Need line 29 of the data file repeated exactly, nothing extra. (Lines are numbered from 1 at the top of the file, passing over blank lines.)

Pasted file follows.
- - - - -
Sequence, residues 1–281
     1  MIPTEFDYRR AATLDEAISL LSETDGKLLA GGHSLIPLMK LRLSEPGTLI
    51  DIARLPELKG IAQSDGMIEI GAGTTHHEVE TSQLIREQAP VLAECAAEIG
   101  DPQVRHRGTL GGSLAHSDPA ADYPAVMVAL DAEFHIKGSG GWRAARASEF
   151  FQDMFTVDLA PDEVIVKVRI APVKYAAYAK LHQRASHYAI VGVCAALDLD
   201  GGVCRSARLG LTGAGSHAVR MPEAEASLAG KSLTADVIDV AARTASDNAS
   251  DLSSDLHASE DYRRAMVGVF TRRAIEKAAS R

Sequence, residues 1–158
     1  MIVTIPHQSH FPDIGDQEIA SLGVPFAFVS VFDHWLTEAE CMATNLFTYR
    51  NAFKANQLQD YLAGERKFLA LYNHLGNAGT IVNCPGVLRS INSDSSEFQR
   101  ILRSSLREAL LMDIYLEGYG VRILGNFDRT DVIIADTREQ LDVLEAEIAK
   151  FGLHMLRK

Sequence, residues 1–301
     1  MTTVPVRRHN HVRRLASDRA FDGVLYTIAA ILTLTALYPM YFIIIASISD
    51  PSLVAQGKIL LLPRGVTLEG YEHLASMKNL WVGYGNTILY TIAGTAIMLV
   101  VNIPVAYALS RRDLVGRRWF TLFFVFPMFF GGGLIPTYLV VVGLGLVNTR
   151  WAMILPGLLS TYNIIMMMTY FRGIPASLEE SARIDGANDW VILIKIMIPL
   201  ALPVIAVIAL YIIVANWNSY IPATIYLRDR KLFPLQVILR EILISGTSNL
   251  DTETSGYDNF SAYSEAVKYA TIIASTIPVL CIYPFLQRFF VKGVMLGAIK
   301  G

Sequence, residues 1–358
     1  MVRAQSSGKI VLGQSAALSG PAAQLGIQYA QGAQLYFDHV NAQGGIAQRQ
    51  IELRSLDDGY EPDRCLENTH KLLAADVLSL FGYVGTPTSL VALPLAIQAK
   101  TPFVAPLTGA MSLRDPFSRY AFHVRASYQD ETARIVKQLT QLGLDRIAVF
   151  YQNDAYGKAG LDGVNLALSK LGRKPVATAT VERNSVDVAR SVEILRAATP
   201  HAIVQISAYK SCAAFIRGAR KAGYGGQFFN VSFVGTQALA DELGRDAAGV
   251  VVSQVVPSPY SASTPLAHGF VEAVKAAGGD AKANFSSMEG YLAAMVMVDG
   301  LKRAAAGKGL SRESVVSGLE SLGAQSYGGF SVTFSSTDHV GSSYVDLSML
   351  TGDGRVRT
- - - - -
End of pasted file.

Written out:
   351  TGDGRVRT